I previously talked about bringing real-time data to the web using WebSockets. WebSockets make up one piece of the technology stack required to bring real-time data to the web. In this article I will explore the other pieces you need via a working demo I built which you can interact with.

My Live Example

There are two parts to this example and you can play with both of them.

How to Play with the Example

The idea is that you open both applications. You can then make edits to the polygons in the editing application, and instantly view the edits you/anyone else made in the display application without having to refresh. To make it a bit more fun I added a Twitter stream to the display application which shows a live feed of all the edits being made.

Architecture Diagram

Here is an overview of the architecture:

Architecture Diagram

Key Technologies

FME Server

FMEFME Server is at the heart of the architecture.


node.jsI used Node.js to create a web server that the FME Server notification server interacted with. Many other people have taken the time to do a full review of Node.js, so I won’t here. However, what I liked about it was that it is extremely lightweight, easy to setup and configure, and best of all you write applications on the server-side in JavaScript. From the reading I’ve done, it also seems it is highly suited to supporting real-time applications as it is an event driven, asynchronous I/O which means it scales well.


The final piece of the puzzle is Pusher. Pusher makes working with WebSockets extremely easy. It basically wraps the complexity of setting up and configuring a scalable WebSockets architecture up in a series of API calls. In this scenario the display application, which showed the real time updates of the edits, were pushed to the browser using the Pusher API. The other nice thing about Pusher is the the debug tools it comes with which allow you to see in real time the clients that have opened a connection up and the responses being sent from the server.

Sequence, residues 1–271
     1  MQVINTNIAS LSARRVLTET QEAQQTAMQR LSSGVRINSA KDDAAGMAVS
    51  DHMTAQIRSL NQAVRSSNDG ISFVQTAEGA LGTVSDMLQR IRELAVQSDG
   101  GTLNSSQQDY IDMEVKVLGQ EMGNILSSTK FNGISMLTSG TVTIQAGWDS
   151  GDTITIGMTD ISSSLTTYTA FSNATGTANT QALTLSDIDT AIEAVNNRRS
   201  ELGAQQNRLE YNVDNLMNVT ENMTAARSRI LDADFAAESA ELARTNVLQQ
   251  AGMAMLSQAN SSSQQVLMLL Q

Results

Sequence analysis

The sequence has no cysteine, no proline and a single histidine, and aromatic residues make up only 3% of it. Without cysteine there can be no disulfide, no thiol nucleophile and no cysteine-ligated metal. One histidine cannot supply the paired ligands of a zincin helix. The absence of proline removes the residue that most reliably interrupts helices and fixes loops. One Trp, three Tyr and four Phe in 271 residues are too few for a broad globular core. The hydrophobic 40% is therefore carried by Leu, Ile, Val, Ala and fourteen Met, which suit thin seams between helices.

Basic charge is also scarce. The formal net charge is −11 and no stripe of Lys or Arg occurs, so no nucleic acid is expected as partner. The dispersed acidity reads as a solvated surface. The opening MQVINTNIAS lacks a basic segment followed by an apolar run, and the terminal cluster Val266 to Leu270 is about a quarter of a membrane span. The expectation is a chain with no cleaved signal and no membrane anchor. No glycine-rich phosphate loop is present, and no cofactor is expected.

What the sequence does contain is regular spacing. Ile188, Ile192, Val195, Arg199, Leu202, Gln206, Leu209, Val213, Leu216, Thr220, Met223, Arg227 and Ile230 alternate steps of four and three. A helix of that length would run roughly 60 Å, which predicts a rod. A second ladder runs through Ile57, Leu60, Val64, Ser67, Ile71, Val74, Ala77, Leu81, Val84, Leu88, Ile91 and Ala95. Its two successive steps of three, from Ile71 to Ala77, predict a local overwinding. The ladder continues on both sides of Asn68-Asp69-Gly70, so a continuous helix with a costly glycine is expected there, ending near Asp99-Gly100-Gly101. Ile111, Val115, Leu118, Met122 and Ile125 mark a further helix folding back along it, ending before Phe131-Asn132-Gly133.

Applications similar to this do already exist, I think the significance of this architecture is the simplicity. By bringing together the right applications I only had to write 61 lines of code on the server-side and less than 400 lines of code on the client-side (total for both web pages) to achieve a relatively complex process. As services and application proliferate, utilising the correct combinations will become critical to ensure the time we spend coding web apps has not already been done for us.

So please play with the editing application and the real-time display application from the live demo – or view the video below – and let me know if you have any feedback.

About Data FME 2012 FME Server Google Maps HTML Oracle Spatial Data Web Mapping

Stewart Harper

Stewart is the Technical Director of Cloud Applications and Infrastructure at Safe. When he isn’t building location-based tools for the web, he’s probably skiing or mountain biking.


7 Responses to “Bringing Real-Time Data to the Web – A Live Example using Node.js, Pusher, and FME Server”

  1. […] longer sufficient in this hypercompetitive, always connected world. In 2012 organizations will need real-time data access to the latest information. One of the things that has me excited is the growing number of sensors […]

  2. Bala K. says:

    The app is nice. I’ll let my collegue know about the Pusher for Websocket functionality.

  3. Aziz says:

    I’m not sure what is the best way to hlande authentication with STOMP but I suspect it will depend on the message queue being used. If you need advanced session management, I would recommend looking into XMPP/Jabber as well (although XMPP is quite complicated).

  4. Hi Aziz thanks for that I will take a look at Jabber.

  5. Joseph says:

    Wow – do get back to me!

  6. Hi Joseph — I didn’t see any other comment of yours, do you mind to comment back again?

  7. I have created an article on our knowledge base which walks you through setting this example up if anyone is interested.


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